In September (2011), it was announced that Syracruse University and the University of Pittsburgh would be added to the Atlantic Coast Conference (ACC). Having started in Greensboro in 1954, the ACC has been an athletic division that includes many colleges along the eastern seaboard. Although it is not yet settled when these colleges will officially become members, their addition will bring the total number of colleges in the ACC to 14.
The most recent additions to the ACC prior to this announcement were Boston College in 2005 and Miami and Virginia Tech in 2004. The planned expansion of the ACC with these two schools may have a much greater affect on college football overall, since the Big East Conference will be down to only five or six schools for football, pending recent invitations to other schools to join.
When polled about how they felt about the expansion, many students didn’t seem to care or know about it, although more students who knew about it and cared supported it rather than opposed it. the Poll finds that 31% support this change and only 11% opposed it, 9% because they didn’t want the ACC to have more teams and 2% because they felt that more teams should have been added. At the time of this poll, a quarter of students (24%) admitted to not knowing this change had occurred, and 34% said they had no opinion.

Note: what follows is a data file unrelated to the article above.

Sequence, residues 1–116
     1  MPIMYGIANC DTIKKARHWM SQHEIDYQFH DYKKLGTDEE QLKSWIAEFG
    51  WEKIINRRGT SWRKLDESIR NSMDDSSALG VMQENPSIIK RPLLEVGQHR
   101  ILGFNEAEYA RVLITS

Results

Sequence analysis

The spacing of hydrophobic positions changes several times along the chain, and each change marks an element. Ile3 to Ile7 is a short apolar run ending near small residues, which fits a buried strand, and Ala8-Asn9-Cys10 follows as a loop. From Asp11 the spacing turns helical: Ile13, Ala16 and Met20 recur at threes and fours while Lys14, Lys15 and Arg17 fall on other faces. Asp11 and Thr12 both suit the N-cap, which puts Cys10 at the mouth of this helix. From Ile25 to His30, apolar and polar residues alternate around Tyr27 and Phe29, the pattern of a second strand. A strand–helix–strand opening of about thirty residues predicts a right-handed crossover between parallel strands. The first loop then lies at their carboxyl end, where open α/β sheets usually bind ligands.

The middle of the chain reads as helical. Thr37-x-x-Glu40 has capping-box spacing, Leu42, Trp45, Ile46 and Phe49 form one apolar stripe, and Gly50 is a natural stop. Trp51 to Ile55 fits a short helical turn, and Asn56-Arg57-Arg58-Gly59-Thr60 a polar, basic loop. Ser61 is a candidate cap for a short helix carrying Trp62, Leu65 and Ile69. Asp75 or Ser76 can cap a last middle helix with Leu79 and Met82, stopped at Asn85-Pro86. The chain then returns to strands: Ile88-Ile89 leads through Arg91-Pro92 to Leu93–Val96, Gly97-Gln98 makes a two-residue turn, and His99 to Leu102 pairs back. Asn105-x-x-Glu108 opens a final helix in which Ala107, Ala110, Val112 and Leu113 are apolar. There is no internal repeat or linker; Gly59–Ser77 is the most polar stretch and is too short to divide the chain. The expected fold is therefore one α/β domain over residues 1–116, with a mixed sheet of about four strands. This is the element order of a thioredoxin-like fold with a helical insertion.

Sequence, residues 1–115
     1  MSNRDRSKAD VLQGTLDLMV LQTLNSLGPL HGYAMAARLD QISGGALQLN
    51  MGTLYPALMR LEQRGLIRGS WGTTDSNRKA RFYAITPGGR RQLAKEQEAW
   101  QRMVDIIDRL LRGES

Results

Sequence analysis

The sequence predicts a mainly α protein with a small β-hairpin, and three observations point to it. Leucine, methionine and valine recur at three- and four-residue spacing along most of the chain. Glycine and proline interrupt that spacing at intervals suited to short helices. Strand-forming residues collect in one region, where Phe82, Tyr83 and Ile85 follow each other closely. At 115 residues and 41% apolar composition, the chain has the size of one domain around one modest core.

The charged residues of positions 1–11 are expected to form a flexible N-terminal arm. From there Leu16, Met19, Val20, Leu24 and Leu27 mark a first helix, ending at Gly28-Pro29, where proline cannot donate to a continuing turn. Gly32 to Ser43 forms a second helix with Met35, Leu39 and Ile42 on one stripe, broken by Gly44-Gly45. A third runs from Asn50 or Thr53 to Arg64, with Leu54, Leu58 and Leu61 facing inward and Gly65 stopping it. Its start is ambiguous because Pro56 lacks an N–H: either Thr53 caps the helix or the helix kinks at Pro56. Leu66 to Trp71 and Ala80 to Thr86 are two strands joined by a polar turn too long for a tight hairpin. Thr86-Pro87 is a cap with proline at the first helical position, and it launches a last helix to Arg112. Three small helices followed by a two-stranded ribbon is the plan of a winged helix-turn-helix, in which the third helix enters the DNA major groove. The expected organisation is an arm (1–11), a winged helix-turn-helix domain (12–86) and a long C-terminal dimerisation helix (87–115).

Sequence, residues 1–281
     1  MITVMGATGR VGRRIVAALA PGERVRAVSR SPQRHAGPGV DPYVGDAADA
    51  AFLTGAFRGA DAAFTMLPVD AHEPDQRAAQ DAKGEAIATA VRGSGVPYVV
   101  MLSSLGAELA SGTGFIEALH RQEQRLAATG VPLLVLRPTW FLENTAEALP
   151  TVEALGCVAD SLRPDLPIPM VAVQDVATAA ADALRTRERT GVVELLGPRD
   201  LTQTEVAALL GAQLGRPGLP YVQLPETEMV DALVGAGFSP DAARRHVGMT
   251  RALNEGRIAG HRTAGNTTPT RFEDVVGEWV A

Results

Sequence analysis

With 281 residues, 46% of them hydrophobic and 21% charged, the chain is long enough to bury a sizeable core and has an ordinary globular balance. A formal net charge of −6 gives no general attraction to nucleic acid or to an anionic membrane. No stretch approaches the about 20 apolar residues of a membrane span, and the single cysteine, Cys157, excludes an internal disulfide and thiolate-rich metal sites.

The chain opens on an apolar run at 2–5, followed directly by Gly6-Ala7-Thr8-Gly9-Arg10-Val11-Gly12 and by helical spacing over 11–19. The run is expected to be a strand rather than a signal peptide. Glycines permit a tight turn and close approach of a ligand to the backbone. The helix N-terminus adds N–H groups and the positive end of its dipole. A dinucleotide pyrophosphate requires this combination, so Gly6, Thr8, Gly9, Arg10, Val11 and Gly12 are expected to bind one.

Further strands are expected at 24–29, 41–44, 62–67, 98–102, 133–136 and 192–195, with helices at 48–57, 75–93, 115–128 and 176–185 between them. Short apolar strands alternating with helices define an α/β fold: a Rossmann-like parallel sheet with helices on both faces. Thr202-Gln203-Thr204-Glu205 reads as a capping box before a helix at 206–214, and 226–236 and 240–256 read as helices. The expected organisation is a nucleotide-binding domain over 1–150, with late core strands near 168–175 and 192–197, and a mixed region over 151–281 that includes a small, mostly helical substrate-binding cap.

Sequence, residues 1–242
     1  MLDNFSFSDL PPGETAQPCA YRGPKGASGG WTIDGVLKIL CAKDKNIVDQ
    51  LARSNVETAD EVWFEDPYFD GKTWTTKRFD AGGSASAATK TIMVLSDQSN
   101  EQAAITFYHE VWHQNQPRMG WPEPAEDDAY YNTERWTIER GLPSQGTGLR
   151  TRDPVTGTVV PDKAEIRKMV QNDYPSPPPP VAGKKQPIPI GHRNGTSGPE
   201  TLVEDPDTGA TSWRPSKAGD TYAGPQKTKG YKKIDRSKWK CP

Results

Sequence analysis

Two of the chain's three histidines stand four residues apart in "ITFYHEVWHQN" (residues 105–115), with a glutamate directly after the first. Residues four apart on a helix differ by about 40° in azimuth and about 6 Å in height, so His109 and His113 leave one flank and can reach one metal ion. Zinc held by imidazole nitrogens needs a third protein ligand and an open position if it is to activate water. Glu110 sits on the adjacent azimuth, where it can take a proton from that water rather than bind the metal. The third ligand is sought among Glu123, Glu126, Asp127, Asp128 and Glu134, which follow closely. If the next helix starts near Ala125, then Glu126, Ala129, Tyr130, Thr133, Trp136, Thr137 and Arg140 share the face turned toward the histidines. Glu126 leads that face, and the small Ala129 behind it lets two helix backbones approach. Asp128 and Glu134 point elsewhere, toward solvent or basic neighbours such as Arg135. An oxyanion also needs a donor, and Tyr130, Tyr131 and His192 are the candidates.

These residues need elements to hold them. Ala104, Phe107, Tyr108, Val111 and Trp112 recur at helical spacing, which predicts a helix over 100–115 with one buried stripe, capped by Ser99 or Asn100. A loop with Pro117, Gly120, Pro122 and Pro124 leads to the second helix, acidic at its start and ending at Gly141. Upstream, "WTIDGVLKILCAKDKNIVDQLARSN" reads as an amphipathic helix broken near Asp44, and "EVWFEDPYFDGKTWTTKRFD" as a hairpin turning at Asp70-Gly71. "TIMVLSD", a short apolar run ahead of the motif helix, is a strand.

This change in the amount of schools in the ACC and the anticipation of more schools being added in the near future has many people seeing athletic conferences being revolutionized. There is talk that if the ACC keeps on having schools added to it, they may start a trend of less athletic divisions that include a greater amount of colleges and universities. Within the ACC, it is not clear which division the Wolfpack will play in, or which rivalries might be affected by adding more teams.
Do you support the recent expansion of the ACC to include Pittsburgh and Syracuse?
Note on Methodology: The Pack Poll at NC State University was fielded between Nov. 1 – Nov. 8, 2011. Responses came from 1108 partial and 970 completed interviews with NCSU undergraduates. A random sample of 5,000 students’ email was used to contact potential respondents, who were invited to take the on-line survey using a software program called Qualtrics. The survey has a margin of sampling error of approximately plus or minus 3 percentage points. For smaller subsamples within the survey, the margin of sampling error is larger. In addition to sampling error, factors such as question wording and other methodological choices in conducting survey research can introduce additional error into the findings of opinion polls.